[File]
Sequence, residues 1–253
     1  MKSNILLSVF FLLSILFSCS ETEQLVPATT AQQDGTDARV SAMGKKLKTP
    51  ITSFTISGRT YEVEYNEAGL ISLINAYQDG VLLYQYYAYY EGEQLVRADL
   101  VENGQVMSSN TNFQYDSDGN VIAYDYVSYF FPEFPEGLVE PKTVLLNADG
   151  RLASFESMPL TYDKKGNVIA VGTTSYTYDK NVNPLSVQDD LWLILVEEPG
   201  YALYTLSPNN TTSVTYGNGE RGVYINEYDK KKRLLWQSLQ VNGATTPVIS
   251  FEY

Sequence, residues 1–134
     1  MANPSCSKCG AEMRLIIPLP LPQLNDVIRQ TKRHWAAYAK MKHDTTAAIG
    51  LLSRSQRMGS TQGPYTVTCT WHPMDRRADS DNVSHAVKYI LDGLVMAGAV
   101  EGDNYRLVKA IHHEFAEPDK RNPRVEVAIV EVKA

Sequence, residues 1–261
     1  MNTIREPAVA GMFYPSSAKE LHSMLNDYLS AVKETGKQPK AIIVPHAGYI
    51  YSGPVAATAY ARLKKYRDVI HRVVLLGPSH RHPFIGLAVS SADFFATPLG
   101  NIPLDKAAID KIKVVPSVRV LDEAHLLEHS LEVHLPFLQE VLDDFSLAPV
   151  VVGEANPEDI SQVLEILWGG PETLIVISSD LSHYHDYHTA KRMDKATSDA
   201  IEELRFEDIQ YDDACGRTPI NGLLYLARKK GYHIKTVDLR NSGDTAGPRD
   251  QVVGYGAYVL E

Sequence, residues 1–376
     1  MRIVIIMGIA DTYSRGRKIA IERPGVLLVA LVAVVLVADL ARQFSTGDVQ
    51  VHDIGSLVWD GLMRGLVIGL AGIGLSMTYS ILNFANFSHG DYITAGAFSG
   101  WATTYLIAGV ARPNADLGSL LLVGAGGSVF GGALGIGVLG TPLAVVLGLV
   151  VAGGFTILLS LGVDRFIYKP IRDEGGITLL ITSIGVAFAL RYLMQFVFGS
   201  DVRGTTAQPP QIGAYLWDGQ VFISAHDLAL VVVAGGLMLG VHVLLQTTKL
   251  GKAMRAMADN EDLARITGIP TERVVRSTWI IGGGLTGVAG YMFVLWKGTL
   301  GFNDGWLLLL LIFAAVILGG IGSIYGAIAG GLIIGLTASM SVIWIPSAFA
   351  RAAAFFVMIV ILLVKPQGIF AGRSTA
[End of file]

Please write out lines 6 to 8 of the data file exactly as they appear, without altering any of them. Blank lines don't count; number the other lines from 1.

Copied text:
   201  YALYTLSPNN TTSVTYGNGE RGVYINEYDK KKRLLWQSLQ VNGATTPVIS
   251  FEY

Sequence, residues 1–134